- Behavioural cognition: Behavioural cognition refers to an infant’s ever emerging capability to engage in interactions with other animated agents in ways that suggest the ability to manipulate the other’s intentional mental state. A brilliant example of this is crying. At first, an infant’s cries are purely for discomfort. As the infant realized that their caregiver reacts a certain way and gives them what they want faster if they cry, the infant will use crying as a tool for emotional manipulation. Further proof of behavioural cognition comes from the fact that by the end of an infant’s first year of life, they have completely learned the ability to gauge the mental state of an individual based off of the emotion that runs across the face. Bretherton (Bretherton 1991) argued that “the most parsimonious explanation of [early cognition] is that, by the end of the first year, infants have acquired a rudimentary ability to impute mental states of self and other… and, further, that they have begun to understand that one mind can be interfaced with another”. To explain this quotation further, an infant bases their emotional status on the emotional states of the adults and older children around them. If a look of shock or worry flashes across a mother’s face, the child is immediately uncomfortable, knowing that previous times when the mother has made this face, something was wrong. Infants also mirror joy, sadness, and anger.
- Deferred Imitation: In humans (aged 6 months to 12 months), imitation is a skill that takes time to be able to perform. Deferred imitation is the prototype for imitation in the way that joint attention is the prototype for social cognition. In deferred imitation, infants produce (after some delay) the affect of another person’s actions on an object. The deferred part of the imitation is that they may not use the same exact movements to carryout a specific tasks. Imitation is defined as the ability to mimic an action or sound perfectly without differentiation. An example of deferred imitation is as follows: a parent lifts up a cube, and places it back down on the table, making a distinct sound. The infant may grab the cube, pick it up, swing it around in the air in their tiny fists and then set it down without making an audible noise on the table. Actual imitation doesn’t come long after deferred imitation, but harder tactile tasks will result in lower chances of proper imitation. (Jones, 2007)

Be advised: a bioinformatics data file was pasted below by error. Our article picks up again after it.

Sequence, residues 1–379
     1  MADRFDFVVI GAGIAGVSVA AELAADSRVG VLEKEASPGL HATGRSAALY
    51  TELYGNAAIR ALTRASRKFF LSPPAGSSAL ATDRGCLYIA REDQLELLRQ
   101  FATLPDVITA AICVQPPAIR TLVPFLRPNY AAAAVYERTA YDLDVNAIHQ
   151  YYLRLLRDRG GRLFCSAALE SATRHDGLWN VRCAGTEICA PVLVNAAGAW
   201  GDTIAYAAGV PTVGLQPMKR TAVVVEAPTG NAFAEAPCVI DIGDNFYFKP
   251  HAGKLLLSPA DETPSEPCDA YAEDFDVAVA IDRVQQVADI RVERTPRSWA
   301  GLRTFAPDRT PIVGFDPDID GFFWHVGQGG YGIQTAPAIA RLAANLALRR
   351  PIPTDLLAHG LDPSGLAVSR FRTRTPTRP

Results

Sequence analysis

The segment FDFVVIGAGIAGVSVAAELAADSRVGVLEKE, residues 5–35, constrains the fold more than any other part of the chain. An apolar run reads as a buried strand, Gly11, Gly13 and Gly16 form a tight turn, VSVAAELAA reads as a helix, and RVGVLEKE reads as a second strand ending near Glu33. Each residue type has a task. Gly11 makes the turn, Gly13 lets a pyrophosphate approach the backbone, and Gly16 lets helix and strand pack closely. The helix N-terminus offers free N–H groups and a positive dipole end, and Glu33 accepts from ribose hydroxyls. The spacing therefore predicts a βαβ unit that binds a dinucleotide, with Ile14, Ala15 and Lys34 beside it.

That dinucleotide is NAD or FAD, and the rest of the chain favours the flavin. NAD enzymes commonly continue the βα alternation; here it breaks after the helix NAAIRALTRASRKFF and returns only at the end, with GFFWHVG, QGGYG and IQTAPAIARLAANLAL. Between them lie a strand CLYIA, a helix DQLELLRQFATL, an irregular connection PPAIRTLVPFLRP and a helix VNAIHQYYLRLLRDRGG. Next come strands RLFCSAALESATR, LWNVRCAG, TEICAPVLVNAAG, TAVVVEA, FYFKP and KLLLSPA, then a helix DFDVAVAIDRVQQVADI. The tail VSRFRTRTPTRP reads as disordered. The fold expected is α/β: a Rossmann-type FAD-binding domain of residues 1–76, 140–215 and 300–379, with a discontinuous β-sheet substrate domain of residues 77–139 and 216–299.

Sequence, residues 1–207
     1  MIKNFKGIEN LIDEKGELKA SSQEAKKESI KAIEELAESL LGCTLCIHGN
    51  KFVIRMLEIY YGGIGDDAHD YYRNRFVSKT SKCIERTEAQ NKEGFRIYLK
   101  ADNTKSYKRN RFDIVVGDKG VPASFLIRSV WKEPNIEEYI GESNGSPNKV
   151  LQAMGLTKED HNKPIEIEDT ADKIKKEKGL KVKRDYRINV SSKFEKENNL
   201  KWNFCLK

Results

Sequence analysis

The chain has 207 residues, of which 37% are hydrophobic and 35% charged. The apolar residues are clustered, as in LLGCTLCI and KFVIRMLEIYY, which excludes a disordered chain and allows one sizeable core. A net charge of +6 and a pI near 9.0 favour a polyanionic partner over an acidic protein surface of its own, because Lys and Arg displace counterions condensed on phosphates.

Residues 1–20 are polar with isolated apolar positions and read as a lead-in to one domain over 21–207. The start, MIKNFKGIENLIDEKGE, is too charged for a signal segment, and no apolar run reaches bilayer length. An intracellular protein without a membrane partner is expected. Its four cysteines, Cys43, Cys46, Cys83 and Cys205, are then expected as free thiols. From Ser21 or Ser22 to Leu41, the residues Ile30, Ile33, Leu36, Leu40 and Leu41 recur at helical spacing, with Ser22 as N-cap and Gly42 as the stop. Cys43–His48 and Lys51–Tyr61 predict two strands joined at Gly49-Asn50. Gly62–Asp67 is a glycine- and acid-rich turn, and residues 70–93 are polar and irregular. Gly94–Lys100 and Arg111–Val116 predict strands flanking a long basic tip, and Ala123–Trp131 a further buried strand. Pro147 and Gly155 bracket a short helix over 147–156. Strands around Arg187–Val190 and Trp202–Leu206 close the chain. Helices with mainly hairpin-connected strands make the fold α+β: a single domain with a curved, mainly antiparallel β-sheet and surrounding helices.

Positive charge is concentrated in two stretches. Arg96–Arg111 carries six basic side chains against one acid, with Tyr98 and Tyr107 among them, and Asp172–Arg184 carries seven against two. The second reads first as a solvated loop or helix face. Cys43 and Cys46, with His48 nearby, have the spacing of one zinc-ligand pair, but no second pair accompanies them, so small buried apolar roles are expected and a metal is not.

In this first installment of the development of social cognition, it has been demonstrated and backed by evidence that early cognition, which precedes joint attention by months, does not yet fully emulate the complexities of human social cognition, such as bias, imagination, and self-awareness, but early cognition does show signs of perception of emotion, as well as signs of emotional manipulation, and imitation. At this stage, social cognition has a lot to do with receiving the level of care they prefer. In other words, early social cognition is an evolutionary tool to help the infant get enough nutrition, recieve protection, and get all the sleep they need. Because the infants are non-locomotive, and unable to speak at this point, the only means of social communication is through crying, and happy coos and grunts. In my next blog, I will lay out the genesis of different types of social cognition. I will specifically address the age that self-awareness, bias, and speech come to fruition, as well as the neuroscience behind these three subsets of social cognition.
Bretherton, I. (1991). Intentional communication and the development of an understanding of mind. In D. Frye & C. Moore (eds.), Children’s theories of mind (pp. 49-75). Hillsdale, NJ: Erlbaum.
Gergley, G. et al., (1995). Taking the intentional stance at 12 months of age. Cognition 56(2), 165-193
Jones, S. (2007). Imitation in Infancy: The Development of Mimicry, Psychological Science, 18(7), 593-599.